essential for normal growth including sodium (Na),
chloride (Cl), Nickle (Ni), and possibly chromium (Cr).
However, these later four essential plant nutrients are
not required by plants in large amounts. Because they
are often found as contaminants in a number of different
fertilizer sources, it has not been demonstrated that that
they have to be specifically apply to plants.
Substrate pH and plant nutrition
The term pH is a direct measurement of the balance
between acidic hydrogen ions (H+) and basic hydroxide
ions (OH-), and can be measured with a pH meter. The
pH of a solution can range between 0 (very acidic) and
14 (very basic). At a pH of 7.0, the concentrations of
H+ and OH- are equal, and the solution is said to be
When growing plants in containers, the pH range
commonly found in the solution extracted from the
substrate is much narrower, from about 4.5 to 8.5. The
recommended substrate pH range from growing plants
in containers is even more specific, around 5.8 to 6.2,
depending on the crop.
The reason that the pH of the solution in the substrate
is so important is that it affects nutrient solubility. Using
Figure 1 as an example, the solubility of micronutrients
(iron, manganese, zinc, boron) and phosphorus decrease
with increasing substrate pH.
Substrate pH can also be an indication of problems.
For example, low pH can be an indication that sufficient
lime was not added to the substrate, or that a fertilizer is
being used that is too acidic for the water quality. High
pH can be an indication that too much lime was added to
the substrate or that there is too much alkalinity left in the
irrigation water.
Substrate pH can also affect the uptake of nutrients
by the plant. Iron (Fe) uptake generally decreases with
increasing pH because it precipitates out of the soil
Not for publication or reproduction without the authors consent. Pg. 2
solution at higher pH levels. Phosphorus (P) also will
precipitate out of solution at higher pH levels.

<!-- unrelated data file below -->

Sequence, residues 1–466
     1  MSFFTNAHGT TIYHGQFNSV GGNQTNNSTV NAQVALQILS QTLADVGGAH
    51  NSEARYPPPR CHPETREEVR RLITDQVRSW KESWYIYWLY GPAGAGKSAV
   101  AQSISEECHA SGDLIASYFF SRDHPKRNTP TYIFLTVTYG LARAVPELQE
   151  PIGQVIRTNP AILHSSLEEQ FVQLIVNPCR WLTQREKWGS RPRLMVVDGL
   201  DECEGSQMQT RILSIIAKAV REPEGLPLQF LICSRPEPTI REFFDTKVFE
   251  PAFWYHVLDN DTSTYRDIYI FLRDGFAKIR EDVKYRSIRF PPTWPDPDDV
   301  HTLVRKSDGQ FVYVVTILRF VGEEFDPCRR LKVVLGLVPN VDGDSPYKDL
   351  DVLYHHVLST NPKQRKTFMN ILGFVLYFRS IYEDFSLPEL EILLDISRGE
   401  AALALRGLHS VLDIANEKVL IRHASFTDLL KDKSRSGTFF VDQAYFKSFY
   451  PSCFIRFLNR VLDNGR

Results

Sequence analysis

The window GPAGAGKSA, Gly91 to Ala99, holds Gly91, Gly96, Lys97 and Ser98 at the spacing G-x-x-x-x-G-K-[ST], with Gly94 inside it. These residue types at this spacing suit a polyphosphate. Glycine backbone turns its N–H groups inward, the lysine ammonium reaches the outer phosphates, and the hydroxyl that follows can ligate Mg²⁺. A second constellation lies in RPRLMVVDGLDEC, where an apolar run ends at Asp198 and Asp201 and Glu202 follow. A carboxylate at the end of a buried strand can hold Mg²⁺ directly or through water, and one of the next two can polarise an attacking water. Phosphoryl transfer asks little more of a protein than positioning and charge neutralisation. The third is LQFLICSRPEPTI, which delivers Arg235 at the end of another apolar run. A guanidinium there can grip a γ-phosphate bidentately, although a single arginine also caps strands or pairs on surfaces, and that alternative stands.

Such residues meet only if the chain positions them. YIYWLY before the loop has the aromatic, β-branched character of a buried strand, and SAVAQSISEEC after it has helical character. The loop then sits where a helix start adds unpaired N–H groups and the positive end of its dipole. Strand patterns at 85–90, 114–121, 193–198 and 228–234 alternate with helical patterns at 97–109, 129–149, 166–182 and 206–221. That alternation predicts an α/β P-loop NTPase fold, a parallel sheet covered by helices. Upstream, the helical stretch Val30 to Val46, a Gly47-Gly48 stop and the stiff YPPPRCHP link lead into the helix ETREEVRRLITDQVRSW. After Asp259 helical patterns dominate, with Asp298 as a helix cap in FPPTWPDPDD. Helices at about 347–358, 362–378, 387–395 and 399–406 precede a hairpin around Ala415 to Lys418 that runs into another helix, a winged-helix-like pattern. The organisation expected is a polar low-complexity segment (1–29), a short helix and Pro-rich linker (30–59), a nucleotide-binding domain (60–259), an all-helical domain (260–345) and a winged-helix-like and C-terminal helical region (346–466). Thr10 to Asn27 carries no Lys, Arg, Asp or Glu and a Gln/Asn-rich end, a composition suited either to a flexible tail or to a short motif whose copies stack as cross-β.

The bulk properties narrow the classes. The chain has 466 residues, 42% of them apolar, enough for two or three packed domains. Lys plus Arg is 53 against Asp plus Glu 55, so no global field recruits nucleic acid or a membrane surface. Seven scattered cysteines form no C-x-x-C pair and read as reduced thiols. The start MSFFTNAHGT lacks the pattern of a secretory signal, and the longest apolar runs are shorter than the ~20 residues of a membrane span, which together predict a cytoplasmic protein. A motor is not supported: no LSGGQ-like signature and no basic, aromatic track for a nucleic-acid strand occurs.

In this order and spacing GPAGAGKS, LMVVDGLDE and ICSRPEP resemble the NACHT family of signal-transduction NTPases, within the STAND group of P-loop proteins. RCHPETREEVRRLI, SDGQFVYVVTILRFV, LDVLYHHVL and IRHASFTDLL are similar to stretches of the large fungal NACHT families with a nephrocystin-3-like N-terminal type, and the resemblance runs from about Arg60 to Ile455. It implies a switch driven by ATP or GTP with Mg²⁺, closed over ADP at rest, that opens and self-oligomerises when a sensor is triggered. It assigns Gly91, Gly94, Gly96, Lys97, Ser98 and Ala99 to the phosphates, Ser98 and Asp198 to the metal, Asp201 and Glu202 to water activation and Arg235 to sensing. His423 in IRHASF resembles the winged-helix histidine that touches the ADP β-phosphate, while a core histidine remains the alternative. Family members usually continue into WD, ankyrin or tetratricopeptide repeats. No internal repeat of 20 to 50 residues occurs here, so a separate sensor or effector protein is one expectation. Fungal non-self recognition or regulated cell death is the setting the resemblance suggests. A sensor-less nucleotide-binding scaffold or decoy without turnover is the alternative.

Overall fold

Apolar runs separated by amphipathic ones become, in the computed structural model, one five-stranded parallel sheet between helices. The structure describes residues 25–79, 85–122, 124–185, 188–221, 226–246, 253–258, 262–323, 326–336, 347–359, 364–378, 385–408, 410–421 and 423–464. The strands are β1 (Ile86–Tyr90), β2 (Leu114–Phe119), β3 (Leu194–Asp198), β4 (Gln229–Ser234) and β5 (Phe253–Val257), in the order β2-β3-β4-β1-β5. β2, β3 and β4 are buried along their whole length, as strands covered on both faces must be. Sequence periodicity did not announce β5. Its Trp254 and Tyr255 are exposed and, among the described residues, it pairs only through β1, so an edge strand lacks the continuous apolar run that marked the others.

Phosphorus uptake will be further reduced above a pH
of 7.2 because any phosphorus left in solution is
converted into a less available form. Nitrogen (N)
uptake can be indirectly affected by medium pH
because low pH decreases nitrification (conversion of
ammoniacal nitrogen to nitrate nitrogen) or the
conversion of urea to ammoniacal nitrogen.
Plants and nutrient uptake
Plant species differ in their ability to take up
nutrients at a given pH level. While there are not good
examples with orchids, there are good examples with
other plants produced in containers.
For example geraniums and African marigolds are
very efficient accumulators of iron (Fe) and manganese
(Mn), and are often grown at a relatively high substrate
pH (6.0 to 6.8) compared to most container grown
crops. The high pH reduces iron and manganese
solubility, which limits the uptake, and prevents toxicity
At the other end of the spectrum are plants like
rhododendrons, blue berries, and petunias, which are
very inefficient at taking iron from the soil solution, and
are often grown at a relatively low substrate pH (5.2 to
6.2). The low pH increases iron solubility, which
increases the uptake, and prevents deficiency problems.
There is a third group of plants, like poinsettias,
chrysanthemums, and impatiens that can be grown over
a relatively wide range of pH�s (5.5 to 6.5) without
showing any deficiency or toxicity problems.
While I don�t know it for sure, I would guess that
orchids are like all other plants. Some species will
perform better when grown at a low pH, some will
perform better when grown at a high pH, and for some,
it will not matter. However, for each of these groups,
the acceptable range where they will grow and perform
the best will be relatively narrow and will be similar
that of other plant species. If you had to choose a pH
range to grow all orchids, then the recommended range
would 5.8 to 6.2, again, just like all other crops.
pH management and plant nutrition.
` Many growers make the assumption that
growing in containers is like growing hydroponically.
Unless water is constantly dripping out of the bottom of
the container, then it is not like hydroponics. Others
consider growing in containers like growing outside in
soil. It is not like that either.
Research has shown that the pH and nutritional
management of container grown crops, including
orchids, is affected by the interaction of a number of
different factors, including the water quality, watersoluble
fertilizer, and the substrate. In the next issue, I
will discuss water quality."

You can see that orchid nutrition isn't notably different than that of anything else you'd be apt to maintain in containers.


    Bookmark   December 20, 2011 at 3:35PM
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susan2010(6 Massachusetts)

Not that I'm suggesting you buy it, but if you're interested, Repotme.com does sell the Mish. State formula. They also have the complete report available for free download.